Field Day at Millligan's Property, Dipton
A cold and windy afternoon greeted us as we gathered at Graham Milligan’s woolshed to hear about his current eucalyptus logging. 18 attendees listened to the first guest speaker, Greg Lindsay of Log Marketing, who spoke about buying eucalypts. Graham is currently logging a large amount of eucs. The Chinese market is chasing the A grade and pruned butts of 37+cm, to be used for furniture. They will also take the K grades which are used for veneer. Eucs were $40/t behind radiata export logs a few months ago, but are a bit better now and are giving the best price for many years. A boatload is sent once a month carrying up to 7,000m3. The Chinese are lenient on branching, allowing two or three knots up to 20cm in a 3m length. The Branxholme mill will take some non-export logs. 1,000t has been logged so far.
The issue with the large cut trunks is the splitting, so wax has to be sprayed on both ends to slow this. The logging team have to handle the wood carefully to minimise damage. A feller buncher is used for felling the trees, as well as some hand felling. Graham has a mixture of regnans and nitens eucs but they can be mixed for shipping.
Graham planted his first lot of eucs 36 or 37 years ago, on the advice of Dudley Franklin, and was holding on to them for a better market, but decided Log Marketing’s was the best offer he had received so far and would take the money. Pines had been grown within the euc plantations – the euc rows are 10m apart - and these had been harvested eight years ago. Graham mentioned that wide spacing is necessary for eucs to be able to grow in diameter. The flat, lower altitude plantations have also been used for grazing. Graham will replant in eucs.
Our first stop on the tour was at the skid site. There were impressive logs to be seen and watching the felling and processing was fascinating. Greg said the piles of slash would be burnt, as there is currently no demand for biofuel. The cost of harvesting has gone up, largely due to the rise in fuel prices, costing an extra $4/t. The advantage for the harvesting crew on this job is that the trees are heavy – 2- 3t a butt, or 5-6t each tree – but the disadvantages of eucalypt harvesting are that it is very hard on gear especially on the chains, the limbs on trees are problematic, and each end of a log has to be sprayed, a manual process requiring frequent cleaning of the spray equipment as it clogs easily with the wax.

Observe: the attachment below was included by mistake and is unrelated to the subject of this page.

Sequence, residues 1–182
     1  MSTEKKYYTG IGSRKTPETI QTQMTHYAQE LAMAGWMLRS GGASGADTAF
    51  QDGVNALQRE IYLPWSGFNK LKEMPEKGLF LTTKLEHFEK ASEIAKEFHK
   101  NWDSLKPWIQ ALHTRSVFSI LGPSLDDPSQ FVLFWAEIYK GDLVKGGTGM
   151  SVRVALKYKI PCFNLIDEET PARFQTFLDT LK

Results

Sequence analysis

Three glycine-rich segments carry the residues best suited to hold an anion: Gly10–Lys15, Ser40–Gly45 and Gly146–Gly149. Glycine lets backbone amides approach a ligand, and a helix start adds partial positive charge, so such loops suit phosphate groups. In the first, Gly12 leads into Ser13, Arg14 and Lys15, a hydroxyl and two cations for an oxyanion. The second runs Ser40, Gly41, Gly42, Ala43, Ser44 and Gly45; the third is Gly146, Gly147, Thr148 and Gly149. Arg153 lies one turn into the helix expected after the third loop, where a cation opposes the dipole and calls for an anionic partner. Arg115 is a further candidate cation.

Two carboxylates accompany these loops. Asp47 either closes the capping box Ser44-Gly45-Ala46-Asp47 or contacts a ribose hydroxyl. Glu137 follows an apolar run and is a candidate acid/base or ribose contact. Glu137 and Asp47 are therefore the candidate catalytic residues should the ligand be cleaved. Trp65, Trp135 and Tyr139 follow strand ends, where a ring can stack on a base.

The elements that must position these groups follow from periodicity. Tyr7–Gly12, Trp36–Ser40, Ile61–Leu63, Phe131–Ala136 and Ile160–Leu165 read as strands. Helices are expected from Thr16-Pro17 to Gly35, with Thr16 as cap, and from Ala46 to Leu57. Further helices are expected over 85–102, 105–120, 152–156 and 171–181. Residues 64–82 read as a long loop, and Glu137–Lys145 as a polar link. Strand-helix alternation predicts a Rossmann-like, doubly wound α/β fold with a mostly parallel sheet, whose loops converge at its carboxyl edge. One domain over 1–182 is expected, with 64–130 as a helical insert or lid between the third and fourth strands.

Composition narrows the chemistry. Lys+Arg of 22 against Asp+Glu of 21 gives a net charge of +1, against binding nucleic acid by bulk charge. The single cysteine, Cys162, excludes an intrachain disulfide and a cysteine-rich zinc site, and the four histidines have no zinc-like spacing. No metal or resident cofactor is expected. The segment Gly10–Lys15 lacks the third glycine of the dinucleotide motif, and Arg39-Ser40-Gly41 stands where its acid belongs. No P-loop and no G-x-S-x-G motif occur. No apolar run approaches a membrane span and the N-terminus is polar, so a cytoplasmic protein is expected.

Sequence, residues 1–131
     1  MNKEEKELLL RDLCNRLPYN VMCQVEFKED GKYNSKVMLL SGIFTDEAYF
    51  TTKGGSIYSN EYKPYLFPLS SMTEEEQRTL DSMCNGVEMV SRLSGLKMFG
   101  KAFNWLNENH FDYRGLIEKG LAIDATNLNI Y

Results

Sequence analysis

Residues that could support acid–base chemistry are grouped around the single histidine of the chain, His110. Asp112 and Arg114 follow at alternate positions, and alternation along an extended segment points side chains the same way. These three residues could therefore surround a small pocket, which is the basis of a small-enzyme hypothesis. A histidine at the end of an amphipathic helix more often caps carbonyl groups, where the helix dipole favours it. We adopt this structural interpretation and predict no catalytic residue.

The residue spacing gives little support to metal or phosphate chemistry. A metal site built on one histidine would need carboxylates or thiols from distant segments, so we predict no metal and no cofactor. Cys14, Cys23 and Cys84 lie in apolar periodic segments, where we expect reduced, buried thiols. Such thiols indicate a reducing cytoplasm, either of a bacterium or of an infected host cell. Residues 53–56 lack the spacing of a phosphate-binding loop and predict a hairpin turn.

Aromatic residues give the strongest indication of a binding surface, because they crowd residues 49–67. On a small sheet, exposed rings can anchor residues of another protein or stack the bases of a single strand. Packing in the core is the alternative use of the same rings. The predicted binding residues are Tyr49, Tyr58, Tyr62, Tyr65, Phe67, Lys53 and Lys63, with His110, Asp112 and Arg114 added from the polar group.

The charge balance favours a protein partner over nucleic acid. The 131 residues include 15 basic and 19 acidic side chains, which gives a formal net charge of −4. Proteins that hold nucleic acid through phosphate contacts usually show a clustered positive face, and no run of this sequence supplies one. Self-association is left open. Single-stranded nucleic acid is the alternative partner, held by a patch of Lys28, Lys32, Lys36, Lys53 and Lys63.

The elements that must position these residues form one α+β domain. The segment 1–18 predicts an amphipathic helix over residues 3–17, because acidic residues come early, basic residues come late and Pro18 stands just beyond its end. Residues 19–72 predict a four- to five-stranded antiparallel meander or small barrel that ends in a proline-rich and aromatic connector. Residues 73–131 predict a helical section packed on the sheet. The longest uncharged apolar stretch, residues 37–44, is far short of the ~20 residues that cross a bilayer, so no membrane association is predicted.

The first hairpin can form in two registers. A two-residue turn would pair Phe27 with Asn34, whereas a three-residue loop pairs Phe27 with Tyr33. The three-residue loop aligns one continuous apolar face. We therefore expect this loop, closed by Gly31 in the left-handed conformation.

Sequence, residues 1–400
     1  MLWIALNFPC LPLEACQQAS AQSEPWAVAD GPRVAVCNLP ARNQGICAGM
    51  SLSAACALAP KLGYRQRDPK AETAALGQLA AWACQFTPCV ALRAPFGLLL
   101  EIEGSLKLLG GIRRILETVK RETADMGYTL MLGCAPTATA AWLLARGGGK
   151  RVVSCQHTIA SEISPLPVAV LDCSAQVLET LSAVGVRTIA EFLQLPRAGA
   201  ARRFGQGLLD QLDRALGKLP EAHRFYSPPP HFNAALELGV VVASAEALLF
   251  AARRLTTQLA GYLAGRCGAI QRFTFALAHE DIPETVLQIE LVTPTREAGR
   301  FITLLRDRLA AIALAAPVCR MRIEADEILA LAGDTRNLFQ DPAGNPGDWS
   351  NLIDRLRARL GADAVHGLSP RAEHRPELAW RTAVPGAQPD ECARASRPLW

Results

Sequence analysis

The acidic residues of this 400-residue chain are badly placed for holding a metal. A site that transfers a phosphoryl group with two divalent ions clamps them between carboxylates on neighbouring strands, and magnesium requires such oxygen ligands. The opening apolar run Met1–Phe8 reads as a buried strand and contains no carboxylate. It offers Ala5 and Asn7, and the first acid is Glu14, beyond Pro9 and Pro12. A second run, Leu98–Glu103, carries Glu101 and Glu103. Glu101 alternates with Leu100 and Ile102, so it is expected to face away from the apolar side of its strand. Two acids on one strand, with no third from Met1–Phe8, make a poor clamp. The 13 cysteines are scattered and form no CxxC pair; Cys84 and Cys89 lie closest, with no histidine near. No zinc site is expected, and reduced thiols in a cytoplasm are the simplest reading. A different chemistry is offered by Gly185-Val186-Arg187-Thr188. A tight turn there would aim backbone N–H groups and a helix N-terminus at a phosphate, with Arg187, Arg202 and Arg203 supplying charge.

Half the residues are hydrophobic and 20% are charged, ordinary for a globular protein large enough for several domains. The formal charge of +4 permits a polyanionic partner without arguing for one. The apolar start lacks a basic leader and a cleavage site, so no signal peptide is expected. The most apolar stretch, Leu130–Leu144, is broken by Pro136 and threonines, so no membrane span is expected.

At our final stop on the tour, we viewed a radiata site which had been logged last year. Warren Heslip (Heslip Forest Contracting) had organized that job and talked to us about it. The incidence of wildings and attack by hylastes (bark beetle) seems to be a matter of chance – sometimes it happens, sometimes it doesn’t. Graham will replant here in October, after letting the gorse and broom grow up and spraying it in September. An adjacent site logged four years ago had been sprayed for broom, and the wildings had been hand-pulled at a cost of between $280-340/ha (using saws/loppers would cost between $500-600/ha).
Many thanks to Graham for arranging a very interesting afternoon.